When you find yourself getting emotional over a footstool with a bandaged leg that's meant to represent a crippled boy, you may correctly suspect that you are watching a chamber theater production. Smaller casts, distilled scripts, and simpler sets are the trademark, as are lower budgets. But low budgets don't necessarily mean lesser quality. Some theater companies are actually choosing to do leaner productions as much for the artistic challenges (and rewards) as for financial considerations. After all, if they can get you to weep over a wooden Tiny Tim, you know the play you are experiencing has accomplished something unique.
At the moment, a number of pared-down productions are filling Seattle's stages: Seattle Shakespeare Company, which presented a pocket Othello last season, is launching into a Chamber Richard III for January 2006. Book-It Repertory Theatre abridged Cervantes' sprawling Don Quixote to 10 actors for a fall run, and Strawberry Theatre Workshop is currently retelling Dickens' A Christmas Carol with just three actors (and the aforementioned stool) in Greg Carter's adaptation, Fellow Passengers.
So what's up? Is Seattle theater suffering a budget crunch that's making companies trim their casts and sets and offer Equity status to furniture?
Myra Platt, co-artistic director of Book-It, which has been adapting novels the stage for nearly 20 years, thinks the chamber format itself is a recurring trend. Yet, she says, "I definitely see a trend of theaters needing to find shows with smaller casts. Usually it's artistically motivated, and the reward is obviously financial." After all, she adds, theater "is still a business, and you have to make certain business choices."
Actor Todd Jefferson Moore agrees. "Theater is really hurting now financially. Chamber productions keep the costs way down. Actors' salaries are by and large the largest part of the budget." Yet, Moore also believes that there's much to be gained from such productions artistically. He should know—he is currently performing in Fellow Passengers, and rehearsing for the title role of Chamber Richard III. This style of theater, says Moore, "is leaner and more interesting, more engaged than these big Shakespeare productions." And Moore enjoys the challenges of shows that keep the actors onstage often nonstop. "I'm one of those actors who likes to stay busy, rather than hanging out backstage smoking a cigarette."
When he took on Seattle Shakespeare's Chamber Richard, director Gregg Loughridge asked artistic director Stephanie Shine, "What does this mean? Are we doing it with four music stands in a bar in New Jersey?" But Loughridge soon developed his own understanding of chamber. "To me, it means scaled down. We're doing a 14- or 15-person play—maybe more—with only seven people. We're doing it with a limited set and an audiovisual component, so some characters are virtual."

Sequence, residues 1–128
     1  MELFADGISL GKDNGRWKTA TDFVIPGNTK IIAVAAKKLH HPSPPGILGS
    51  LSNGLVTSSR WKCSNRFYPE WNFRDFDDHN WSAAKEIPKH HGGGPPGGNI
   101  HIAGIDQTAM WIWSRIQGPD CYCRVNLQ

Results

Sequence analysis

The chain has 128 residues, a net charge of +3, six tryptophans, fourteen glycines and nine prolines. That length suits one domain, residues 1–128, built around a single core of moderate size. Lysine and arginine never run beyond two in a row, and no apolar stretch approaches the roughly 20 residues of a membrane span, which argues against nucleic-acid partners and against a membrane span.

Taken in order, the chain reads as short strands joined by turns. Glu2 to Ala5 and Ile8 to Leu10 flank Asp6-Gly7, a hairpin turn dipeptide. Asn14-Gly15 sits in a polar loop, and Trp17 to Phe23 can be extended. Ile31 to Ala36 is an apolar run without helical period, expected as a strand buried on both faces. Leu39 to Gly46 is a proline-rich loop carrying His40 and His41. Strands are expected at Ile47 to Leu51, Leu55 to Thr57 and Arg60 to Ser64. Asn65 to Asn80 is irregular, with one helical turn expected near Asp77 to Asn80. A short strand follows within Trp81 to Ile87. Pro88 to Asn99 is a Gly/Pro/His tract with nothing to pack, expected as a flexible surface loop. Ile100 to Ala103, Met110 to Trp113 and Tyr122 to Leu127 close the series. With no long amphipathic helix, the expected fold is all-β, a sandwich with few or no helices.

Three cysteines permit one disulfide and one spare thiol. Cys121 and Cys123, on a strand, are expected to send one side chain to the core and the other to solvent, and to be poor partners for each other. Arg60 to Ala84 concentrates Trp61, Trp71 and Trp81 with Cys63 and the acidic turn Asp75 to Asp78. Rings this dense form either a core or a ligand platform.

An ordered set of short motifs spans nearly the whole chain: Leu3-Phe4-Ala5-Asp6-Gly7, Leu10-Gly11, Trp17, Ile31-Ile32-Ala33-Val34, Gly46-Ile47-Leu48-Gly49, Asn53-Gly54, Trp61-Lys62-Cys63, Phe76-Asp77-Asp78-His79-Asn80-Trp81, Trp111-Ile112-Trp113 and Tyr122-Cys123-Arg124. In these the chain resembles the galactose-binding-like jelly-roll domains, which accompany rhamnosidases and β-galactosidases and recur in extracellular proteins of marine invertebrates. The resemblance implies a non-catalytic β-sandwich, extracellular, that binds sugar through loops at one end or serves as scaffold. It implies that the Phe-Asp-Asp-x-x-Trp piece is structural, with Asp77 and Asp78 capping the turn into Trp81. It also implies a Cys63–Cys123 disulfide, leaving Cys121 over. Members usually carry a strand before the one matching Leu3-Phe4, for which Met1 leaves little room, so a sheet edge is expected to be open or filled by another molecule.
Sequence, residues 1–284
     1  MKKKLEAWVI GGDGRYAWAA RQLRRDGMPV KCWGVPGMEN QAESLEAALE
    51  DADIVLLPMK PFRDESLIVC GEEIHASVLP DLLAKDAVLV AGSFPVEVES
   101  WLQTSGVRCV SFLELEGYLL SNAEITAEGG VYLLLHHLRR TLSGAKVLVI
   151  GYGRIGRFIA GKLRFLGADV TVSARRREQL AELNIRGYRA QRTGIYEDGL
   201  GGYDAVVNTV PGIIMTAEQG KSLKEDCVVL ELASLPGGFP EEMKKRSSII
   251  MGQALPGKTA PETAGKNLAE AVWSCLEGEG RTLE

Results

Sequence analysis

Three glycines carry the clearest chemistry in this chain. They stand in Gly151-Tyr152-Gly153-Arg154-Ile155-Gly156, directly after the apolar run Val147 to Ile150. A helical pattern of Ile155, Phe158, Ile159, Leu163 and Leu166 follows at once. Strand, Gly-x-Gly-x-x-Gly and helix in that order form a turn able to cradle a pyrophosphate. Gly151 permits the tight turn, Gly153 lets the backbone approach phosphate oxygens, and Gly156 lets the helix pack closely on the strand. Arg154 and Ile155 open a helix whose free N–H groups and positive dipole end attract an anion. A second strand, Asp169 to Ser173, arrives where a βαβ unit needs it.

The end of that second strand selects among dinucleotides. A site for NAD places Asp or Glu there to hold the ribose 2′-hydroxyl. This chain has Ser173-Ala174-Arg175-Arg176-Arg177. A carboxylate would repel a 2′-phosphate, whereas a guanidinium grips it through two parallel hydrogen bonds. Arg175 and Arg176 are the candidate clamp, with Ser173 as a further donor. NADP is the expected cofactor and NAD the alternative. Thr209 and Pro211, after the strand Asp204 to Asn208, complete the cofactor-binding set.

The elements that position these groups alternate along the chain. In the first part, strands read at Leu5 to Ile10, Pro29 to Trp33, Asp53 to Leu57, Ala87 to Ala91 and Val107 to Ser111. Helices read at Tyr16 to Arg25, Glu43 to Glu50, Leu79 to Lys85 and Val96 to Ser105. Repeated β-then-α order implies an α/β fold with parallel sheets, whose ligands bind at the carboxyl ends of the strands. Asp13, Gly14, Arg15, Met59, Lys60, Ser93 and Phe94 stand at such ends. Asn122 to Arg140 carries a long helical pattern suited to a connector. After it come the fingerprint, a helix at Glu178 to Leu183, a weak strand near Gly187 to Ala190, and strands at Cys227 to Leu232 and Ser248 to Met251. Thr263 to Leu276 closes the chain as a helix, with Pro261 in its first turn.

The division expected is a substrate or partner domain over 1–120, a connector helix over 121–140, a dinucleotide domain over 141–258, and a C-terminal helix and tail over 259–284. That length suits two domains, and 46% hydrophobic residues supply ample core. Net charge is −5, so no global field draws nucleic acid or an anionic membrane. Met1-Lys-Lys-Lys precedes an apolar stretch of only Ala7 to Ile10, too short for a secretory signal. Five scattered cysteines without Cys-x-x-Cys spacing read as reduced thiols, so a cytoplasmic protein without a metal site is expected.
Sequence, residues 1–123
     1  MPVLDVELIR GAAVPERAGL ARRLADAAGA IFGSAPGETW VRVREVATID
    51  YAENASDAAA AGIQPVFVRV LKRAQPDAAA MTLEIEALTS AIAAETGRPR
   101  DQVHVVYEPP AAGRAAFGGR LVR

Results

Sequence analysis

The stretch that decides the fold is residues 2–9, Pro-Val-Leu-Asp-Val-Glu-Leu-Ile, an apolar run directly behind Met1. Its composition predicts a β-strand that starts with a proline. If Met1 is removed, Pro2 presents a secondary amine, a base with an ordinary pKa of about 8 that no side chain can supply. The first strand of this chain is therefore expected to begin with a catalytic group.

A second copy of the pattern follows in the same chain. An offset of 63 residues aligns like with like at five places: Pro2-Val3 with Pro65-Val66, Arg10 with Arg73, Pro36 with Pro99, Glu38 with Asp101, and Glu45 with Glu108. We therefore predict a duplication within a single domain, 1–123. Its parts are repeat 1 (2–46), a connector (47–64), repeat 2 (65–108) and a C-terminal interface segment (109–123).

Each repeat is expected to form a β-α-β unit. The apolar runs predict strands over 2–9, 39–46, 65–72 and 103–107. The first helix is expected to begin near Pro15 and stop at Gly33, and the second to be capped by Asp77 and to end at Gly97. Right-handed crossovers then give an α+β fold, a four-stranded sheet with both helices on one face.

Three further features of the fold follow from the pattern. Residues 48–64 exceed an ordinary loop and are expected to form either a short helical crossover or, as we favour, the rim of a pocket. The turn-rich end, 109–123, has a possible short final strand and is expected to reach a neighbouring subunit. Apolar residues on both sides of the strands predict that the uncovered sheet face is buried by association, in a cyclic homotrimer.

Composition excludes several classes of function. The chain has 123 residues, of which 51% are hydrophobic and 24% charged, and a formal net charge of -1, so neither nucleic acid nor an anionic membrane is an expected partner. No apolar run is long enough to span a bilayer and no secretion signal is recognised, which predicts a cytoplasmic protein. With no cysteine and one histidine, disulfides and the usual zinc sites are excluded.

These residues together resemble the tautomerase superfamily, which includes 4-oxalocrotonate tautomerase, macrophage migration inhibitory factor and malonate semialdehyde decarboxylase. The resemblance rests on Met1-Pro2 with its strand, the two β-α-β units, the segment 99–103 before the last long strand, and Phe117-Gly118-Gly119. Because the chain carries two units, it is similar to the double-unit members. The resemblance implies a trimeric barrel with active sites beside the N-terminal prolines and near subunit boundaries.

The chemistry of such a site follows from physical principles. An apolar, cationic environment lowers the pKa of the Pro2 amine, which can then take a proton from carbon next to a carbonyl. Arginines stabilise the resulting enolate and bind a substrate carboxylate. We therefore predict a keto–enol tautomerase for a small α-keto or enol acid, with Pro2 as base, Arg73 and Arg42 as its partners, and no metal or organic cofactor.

Because the story has been transported to a contemporary corporate setting, Loughridge uses office technology to cover for casting limitations—e-mail, video, and PowerPoint productions convey plot points and even some characters. "Necessity is the mother of invention, and out of it comes wonderful things."
While he acknowledges that it's "fun to be overwhelmed by a beautiful set and production," Loughridge finds the smaller show interesting: "In some ways, it's very liberating. It boils things down to essentials.
"The audience has to forgive you for things that are missing," adds Loughridge, whose show creatively conveys a "missing" battle scene, a king, and a couple of murdered children. "But the story is still a good one."
Currently, at least four different versions of A Christmas Carol are onstage in town. Greg Carter, Strawberry Theatre's artistic director, knows that "ACT is doing [a show] before 400 people a night, paying $40 a ticket, about eight times a week. We need to give the audience something else. We owe them the unexpected."
Strawberry Theatre uses various clever devices and a wonderfully odd array of props in its attic set to captivate its audience. It also has a wonderful cast. And that's another important facet: To pull off these demanding shows, you need talented and versatile actors. The company had originally budgeted the show for 11 performers. When it decided to tell the tale with just three voices, it was able to afford three experienced character actors—Marty Mukhalian, Nathan Smith, and an Equity actor in Moore—without adjusting its budget.
Telling a story with a stage full of actors and elaborate props also has its disadvantages, says Carter. "I think it's too easy. You don't have to keep track of anything." A play with just a few characters playing multiple roles and fewer props "forces the audience to imagine what they're looking at, just as you would in a book. It will keep you more involved if you have to fill in the gaps."